Cleopatra V was the queen of Egypt from 100 to 80 BCE. She was the daughter of Ptolemy XI and Cleopatra IV and was appointed regent during the minority of her younger brother Ptolemy XII.

During her reign, Cleopatra V faced a number of challenges, including political instability and economic difficulties. She also faced competition from her brother, who sought to undermine her authority.

Despite these challenges, Cleopatra V was a capable leader who sought to improve the lives of her people. She introduced a number of reforms, including the establishment of a council of advisors and the creation of a network of roads and canals. She also encouraged trade and cultural exchange with other nations, including Rome.

Cleopatra V was also famous for her cultural achievements. She was a patron of the arts and encouraged the development of Greek literature and drama. She also commissioned the construction of several important buildings, including the Temple of Isis in Alexandria.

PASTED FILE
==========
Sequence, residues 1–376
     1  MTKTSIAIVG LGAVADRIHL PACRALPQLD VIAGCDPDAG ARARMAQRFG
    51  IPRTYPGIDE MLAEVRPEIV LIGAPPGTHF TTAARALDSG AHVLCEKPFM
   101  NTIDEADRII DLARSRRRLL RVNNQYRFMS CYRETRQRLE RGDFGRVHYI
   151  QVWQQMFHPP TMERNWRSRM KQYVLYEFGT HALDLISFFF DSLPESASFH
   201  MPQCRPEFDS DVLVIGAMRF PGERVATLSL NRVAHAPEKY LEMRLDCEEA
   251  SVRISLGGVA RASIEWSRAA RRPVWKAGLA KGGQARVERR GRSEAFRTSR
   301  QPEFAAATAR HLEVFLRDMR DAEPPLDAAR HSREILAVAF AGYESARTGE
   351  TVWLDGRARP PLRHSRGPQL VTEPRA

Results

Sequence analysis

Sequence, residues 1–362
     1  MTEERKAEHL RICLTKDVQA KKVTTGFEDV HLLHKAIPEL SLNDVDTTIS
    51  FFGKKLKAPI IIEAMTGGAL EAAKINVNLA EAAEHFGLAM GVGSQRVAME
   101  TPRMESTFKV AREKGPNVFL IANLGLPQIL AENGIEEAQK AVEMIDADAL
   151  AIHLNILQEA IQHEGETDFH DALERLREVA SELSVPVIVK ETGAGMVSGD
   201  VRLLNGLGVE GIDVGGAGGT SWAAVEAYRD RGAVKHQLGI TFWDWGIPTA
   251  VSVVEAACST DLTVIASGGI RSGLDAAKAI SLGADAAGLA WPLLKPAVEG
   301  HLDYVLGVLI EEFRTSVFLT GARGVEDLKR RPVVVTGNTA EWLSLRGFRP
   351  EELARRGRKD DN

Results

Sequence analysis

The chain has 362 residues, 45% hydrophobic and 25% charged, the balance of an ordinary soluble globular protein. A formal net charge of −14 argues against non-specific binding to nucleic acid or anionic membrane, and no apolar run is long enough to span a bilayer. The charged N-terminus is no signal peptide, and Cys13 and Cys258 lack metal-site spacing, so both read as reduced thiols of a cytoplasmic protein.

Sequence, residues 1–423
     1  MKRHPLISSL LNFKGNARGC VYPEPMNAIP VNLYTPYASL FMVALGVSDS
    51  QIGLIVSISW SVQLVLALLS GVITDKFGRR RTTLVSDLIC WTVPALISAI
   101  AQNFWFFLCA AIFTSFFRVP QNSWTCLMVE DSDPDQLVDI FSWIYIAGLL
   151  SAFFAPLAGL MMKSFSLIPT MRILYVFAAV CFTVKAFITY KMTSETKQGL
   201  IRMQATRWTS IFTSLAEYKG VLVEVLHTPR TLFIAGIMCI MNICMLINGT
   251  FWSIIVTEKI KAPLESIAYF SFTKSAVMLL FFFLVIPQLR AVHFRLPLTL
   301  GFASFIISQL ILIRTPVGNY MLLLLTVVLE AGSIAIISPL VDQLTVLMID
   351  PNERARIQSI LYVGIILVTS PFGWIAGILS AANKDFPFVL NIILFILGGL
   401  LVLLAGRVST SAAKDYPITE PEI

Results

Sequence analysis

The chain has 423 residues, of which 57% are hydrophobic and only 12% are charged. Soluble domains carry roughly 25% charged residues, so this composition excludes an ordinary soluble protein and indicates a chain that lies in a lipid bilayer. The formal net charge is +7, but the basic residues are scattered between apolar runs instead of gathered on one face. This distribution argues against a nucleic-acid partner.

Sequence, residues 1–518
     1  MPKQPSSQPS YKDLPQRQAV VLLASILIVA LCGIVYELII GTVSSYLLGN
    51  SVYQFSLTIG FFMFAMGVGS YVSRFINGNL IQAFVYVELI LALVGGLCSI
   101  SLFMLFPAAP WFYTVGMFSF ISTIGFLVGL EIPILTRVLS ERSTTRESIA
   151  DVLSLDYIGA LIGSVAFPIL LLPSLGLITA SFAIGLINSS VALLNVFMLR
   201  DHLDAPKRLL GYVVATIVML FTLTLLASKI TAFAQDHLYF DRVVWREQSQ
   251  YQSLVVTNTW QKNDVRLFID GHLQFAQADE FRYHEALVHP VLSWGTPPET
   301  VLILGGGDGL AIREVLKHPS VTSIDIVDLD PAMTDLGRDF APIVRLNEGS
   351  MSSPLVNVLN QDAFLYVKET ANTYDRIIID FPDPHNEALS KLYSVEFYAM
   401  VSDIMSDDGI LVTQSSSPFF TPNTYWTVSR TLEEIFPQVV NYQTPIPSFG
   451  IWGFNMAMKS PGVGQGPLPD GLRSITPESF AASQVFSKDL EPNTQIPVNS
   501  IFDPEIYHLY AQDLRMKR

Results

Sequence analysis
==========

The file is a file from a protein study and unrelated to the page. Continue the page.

A likely sculpture of Cleopatra V Tryphaena (also known as Cleopatra VI), 1st century BC, from Lower Egypt, now in the Musée Saint-Raymond[1]


Unfortunately, Cleopatra V’s reign was cut short when she was assassinated by her brother Ptolemy XII. Her death marked the end of the Ptolemaic dynasty in Egypt and paved the way for a period of political instability and conflict.

Despite her short reign, Cleopatra V is capable and innovative leader who sought to improve the lives of her people. Her cultural achievements and reforms helped to shape the history of Egypt and the wider Mediterranean world.